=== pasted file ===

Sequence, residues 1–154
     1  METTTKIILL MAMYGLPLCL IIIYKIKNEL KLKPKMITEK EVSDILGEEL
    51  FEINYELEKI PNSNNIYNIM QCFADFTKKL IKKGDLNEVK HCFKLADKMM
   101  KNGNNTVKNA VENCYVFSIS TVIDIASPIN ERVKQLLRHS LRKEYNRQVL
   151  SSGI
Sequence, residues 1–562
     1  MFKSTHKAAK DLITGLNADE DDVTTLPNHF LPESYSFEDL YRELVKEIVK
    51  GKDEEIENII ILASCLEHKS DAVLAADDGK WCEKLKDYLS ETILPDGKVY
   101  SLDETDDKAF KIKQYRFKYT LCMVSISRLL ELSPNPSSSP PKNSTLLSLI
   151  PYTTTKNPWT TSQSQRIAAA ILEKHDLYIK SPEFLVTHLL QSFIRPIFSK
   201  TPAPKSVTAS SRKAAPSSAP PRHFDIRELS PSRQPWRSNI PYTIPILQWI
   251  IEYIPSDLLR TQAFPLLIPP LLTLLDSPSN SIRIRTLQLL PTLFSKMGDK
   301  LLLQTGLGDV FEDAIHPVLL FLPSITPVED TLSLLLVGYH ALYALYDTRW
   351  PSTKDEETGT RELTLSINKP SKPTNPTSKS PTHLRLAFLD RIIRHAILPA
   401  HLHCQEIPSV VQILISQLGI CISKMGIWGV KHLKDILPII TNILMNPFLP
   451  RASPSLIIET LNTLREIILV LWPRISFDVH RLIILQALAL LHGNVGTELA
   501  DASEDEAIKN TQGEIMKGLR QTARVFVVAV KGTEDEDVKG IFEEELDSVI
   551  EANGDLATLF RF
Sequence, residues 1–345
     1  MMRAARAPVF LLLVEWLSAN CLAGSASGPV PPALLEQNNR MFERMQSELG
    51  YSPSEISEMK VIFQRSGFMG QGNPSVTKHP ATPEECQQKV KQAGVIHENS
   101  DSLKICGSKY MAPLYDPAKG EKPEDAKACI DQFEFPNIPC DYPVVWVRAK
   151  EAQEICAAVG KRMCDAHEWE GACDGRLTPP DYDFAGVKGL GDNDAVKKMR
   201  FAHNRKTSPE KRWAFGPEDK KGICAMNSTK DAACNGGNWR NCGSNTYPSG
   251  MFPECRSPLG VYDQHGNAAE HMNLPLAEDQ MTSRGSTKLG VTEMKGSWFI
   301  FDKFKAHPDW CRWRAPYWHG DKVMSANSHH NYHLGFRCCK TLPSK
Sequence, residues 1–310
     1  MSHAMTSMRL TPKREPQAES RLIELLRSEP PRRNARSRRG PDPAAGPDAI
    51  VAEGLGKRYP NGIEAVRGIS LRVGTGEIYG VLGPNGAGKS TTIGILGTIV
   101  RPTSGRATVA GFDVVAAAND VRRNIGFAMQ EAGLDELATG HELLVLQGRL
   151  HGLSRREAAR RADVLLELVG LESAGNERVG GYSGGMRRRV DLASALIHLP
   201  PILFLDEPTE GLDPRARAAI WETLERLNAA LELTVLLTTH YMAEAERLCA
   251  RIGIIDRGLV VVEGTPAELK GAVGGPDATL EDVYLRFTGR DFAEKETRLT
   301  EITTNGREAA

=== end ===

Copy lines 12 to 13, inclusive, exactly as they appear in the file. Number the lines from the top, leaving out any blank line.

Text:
   251  IEYIPSDLLR TQAFPLLIPP LLTLLDSPSN SIRIRTLQLL PTLFSKMGDK
   301  LLLQTGLGDV FEDAIHPVLL FLPSITPVED TLSLLLVGYH ALYALYDTRW